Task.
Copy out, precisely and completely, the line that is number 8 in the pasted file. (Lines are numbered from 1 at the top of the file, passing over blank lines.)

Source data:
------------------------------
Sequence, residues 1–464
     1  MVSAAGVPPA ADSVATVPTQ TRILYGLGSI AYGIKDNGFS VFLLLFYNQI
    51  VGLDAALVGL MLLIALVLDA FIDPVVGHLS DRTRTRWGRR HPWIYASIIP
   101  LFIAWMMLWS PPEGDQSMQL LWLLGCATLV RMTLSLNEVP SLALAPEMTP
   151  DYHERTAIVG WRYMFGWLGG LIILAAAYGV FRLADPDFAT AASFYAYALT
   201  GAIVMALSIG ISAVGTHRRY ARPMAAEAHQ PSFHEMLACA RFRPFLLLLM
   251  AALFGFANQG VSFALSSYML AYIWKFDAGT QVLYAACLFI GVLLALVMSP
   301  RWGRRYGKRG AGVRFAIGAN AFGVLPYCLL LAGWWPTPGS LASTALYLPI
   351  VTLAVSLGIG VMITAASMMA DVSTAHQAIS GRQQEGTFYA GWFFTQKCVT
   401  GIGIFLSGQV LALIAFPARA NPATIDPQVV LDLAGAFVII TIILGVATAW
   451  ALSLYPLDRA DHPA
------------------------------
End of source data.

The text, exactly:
   301  RWGRRYGKRG AGVRFAIGAN AFGVLPYCLL LAGWWPTPGS LASTALYLPI